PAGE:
Bid to bring 140-year-old Scots-built ship ‘home’ from Hawaii

The Falls of Clyde ship is currently moored in Hawaii. Picture: SWNS
The Falls of Clyde ship is currently moored in Hawaii. Picture: SWNS
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The clock is ticking for campaigners trying to bring a historic ship moored in Hawaii back to Port Glasgow where it was built - as it will go under the hammer on Thursday.

The Falls of Clyde, which is moored in Honolulu Harbour, is the last remaining four-masted sailing vessel in the world, but due to its deteriorating condition has begun to leak.

David O'Neill with the Falls of Clyde ship. Picture: SWNS

David O'Neill with the Falls of Clyde ship. Picture: SWNS

It has been subject to a determined campaign to bring it ‘home’ to Port Glasgow, where it was built in 1878 by the Alexander Russell yard.

Save The Falls of Clyde International had organised a shiplift to transfer it home to the Clyde in the hopes it could become a museum, but the deal fell through last month.

Owned by the Hawaii-based Friends of the Falls of Clyde, the ship is on the USA’s National Historic Register.

However, the ship has been put up for auction by the Hawaiian State Department of Transport Harbours Division (HDOT), which says the boat’s condition threatens the safety of the harbour.

Sealed bids are due by 11am on February 28.

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Those who wish to bid on the ship must post a bond of $1.5 million to cover the cost of removal of the vessel from Honolulu Harbour, an event that must take place within 60 days from the sale.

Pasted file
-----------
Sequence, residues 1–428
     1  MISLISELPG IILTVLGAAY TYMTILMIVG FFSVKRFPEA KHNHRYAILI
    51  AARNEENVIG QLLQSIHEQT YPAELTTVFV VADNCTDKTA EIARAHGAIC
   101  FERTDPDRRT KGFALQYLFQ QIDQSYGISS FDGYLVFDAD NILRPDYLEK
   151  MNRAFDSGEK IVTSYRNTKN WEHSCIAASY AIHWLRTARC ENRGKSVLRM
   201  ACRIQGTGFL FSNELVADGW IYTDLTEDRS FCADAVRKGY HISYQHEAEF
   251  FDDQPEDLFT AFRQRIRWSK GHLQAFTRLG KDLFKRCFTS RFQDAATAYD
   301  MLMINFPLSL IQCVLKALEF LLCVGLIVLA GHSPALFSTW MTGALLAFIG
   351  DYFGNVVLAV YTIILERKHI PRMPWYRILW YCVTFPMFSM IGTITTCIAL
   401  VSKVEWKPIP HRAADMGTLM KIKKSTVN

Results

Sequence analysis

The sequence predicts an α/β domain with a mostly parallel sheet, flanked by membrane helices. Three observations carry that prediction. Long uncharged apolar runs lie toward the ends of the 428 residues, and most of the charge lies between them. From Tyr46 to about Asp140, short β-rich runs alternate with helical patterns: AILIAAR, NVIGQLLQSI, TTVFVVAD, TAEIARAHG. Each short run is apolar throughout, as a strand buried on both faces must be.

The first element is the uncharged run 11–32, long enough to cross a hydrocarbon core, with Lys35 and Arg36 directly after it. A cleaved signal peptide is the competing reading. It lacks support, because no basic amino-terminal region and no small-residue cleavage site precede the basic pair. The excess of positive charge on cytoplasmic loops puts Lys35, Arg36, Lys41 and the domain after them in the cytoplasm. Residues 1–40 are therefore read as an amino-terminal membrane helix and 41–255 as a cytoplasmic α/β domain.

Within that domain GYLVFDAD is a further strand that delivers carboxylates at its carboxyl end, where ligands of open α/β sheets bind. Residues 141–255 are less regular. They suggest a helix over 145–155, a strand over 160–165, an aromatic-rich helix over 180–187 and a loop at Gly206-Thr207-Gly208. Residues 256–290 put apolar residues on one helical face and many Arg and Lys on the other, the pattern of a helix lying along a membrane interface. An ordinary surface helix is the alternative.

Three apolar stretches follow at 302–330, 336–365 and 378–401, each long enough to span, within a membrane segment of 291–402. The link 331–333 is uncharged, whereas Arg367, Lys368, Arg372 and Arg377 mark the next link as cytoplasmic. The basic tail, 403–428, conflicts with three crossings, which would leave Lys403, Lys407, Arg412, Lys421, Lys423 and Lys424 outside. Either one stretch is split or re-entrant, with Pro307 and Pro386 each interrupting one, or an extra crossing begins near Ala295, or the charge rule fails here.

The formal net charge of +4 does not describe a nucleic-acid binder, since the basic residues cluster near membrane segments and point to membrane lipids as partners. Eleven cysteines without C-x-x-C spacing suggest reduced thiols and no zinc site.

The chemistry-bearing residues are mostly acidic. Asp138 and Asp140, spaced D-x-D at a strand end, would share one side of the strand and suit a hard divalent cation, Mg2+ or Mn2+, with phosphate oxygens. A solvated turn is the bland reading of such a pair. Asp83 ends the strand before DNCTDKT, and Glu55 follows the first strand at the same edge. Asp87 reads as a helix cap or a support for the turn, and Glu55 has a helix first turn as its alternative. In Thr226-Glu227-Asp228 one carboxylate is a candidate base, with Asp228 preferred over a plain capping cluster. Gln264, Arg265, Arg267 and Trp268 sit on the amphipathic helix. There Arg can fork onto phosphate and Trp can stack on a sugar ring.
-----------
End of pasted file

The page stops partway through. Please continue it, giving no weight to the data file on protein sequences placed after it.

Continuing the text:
The winning bidder will be announced later on Thursday and if no bids are received the department may sell the ship by negotiation, scrap it or otherwise dispose of it.

Campaign leader David O’Neill said: “We met this week with Glasgow’s former Lord Provost Alex Mosson, he was very interested in our long-term plans.

“In particular, he was keen to hear our plans, produced by Strathclyde University on the hi-tech proposals for hydrogen propulsion, solar sails and battery storage systems.

“As a former shipyard worker he had a keen interest in the social and community benefits that this project can offer to many disadvantaged citizens of Glasgow.

“The jobs and skills training proposals during the rebuild were of particular interest with Alex himself offering to coach others in plating skills.

“In these difficult times of austerity our project offers opportunities to many during the rebuild phase and beyond.

“We have started a GoFundMe campaign to help us raise funds to allow us to insure the vessel thus removing the ‘risk’ from the harbours department.

“If this legal challenge succeeds, this insurance offer could offer a solution to harbours but also gives us more time to pull together another lift operation.”

A public notice from harbour bosses said: “In early January 2019 the vessel began to list heavily to port.

“A hole was found on the port side, which began flooding the vessel. The hole was patched.

“Later in January, HDOT observed the vessel beginning to sink. Further inspection revealed the vessel taking on water. HDOT received an emergency procurement to pump the water from the vessel and make repairs. Multiple holes and cracks in the hull were patched.

“It is evident the vessel is deteriorating due to the lack of proper maintenance.

“The condition of the vessel is at a critical point which jeopardises the vessel’s ability to stay afloat and threatens the safety of Honolulu Harbour.

“For more than a decade, HDOT has supported the Friends of Falls of Clyde and its supporters on numerous attempts to raise funding and repair the vessel, all of which have been unsuccessful.

“HDOT is moving forward with the auction proceedings, in part, to protect Honolulu Harbour.”